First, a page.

The emergency care system should “not allow that to happen to those who deserve the most respect in our society,” he says.
Nobody enjoys a trip to the ER. But it can be especially difficult — sometimes even dangerous — for the elderly. Many emergency health-care settings are frenzied and noisy, with glaring lights and slippery floors, often without handrails. Cots and gurneys are hard on fragile bodies. Privacy is scarce.
“The emergency department is not a great place to hang out for anyone, but it can be especially tough if you are older,” says Denise Nassisi, director of the geriatric emergency department at the Mount Sinai Hospital in New York. “Many older patients are frail and have difficulty getting up and down from a gurney, or getting to a restroom. Some have cognitive dysfunction and don’t know their medical history. Some may have impaired vision or hearing. A crowded chaotic environment is not the best for them.”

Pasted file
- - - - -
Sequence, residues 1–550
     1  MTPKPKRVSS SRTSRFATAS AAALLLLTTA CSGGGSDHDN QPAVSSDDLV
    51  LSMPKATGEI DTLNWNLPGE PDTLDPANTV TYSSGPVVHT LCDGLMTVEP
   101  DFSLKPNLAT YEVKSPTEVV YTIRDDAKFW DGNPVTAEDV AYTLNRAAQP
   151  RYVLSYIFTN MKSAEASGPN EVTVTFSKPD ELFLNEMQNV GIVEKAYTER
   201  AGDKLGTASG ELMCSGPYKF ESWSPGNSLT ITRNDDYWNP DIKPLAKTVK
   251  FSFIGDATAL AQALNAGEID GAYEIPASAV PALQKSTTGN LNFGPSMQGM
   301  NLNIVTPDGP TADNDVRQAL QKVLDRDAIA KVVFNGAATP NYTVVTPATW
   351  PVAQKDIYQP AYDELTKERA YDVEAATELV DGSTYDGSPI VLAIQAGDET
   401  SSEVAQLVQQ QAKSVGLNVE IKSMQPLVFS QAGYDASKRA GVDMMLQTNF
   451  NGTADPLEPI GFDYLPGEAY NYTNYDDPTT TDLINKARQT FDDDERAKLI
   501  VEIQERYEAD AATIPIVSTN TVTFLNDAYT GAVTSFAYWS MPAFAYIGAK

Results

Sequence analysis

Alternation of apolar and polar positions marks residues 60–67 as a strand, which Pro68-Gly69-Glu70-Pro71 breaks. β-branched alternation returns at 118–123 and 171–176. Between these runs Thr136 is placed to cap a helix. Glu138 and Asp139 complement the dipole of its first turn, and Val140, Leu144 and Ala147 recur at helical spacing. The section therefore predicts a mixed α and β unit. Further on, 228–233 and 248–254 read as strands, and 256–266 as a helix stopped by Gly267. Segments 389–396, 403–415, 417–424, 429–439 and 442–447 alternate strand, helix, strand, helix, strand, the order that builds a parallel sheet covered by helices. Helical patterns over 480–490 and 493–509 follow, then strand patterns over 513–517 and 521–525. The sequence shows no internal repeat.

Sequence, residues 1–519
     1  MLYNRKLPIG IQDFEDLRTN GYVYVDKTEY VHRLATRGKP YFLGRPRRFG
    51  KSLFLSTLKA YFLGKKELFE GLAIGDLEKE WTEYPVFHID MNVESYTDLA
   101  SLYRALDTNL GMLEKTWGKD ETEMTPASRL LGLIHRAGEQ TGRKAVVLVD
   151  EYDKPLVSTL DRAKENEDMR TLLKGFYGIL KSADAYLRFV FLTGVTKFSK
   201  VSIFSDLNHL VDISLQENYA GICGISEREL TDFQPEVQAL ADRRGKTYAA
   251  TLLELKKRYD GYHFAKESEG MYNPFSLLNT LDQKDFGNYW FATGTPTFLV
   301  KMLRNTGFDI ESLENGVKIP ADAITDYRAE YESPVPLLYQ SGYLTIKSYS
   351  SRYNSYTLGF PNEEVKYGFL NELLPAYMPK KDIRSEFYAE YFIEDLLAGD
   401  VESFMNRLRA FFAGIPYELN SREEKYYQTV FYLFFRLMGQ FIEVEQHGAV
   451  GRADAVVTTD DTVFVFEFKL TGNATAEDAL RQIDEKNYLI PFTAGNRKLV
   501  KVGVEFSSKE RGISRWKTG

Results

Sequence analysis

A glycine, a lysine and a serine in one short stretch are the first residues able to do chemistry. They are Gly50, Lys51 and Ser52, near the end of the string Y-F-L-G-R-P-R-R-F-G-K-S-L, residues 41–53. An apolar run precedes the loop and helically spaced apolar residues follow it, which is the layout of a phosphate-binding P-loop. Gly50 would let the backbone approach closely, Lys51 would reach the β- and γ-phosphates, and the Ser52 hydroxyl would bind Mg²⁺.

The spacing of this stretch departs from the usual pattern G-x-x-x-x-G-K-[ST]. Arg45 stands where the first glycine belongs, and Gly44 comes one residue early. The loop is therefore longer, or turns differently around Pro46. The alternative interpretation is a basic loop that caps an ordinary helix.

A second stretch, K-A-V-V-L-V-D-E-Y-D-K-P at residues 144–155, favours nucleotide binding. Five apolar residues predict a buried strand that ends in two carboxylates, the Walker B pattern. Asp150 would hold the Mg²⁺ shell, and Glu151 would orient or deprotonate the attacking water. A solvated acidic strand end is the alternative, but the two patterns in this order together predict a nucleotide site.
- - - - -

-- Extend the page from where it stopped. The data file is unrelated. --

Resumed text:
In recent years, recognition has been growing that older patients need a better ER environment and specialized care than the rest of the population. This has prompted many hospitals to introduce structural changes and new procedures to make their ERs age-friendly. The American College of Emergency Physicians launched an accreditation program last spring for the nation’s emergency departments to encourage them to adopt a more comprehensive and standardized approach for geriatric patients.
The percentage of Americans 65 or older is growing. It was 14 percent in 2012 and is projected to be 20 percent by 2030, according to the Centers for Disease Control and Prevention. About 49.2 million older adults live in the United States today, according to the American Geriatrics Society.
During 2012-2013, the incidence of adults older than 65 who sought emergency care was 12 per 100 persons for injury and 36 per 100 for illness, according to the CDC. The most common complaints that bring elderly patients to emergency departments are falls, abdominal pain, difficulty breathing, fever, chest pain, confusion or other cognitive issues, according to experts.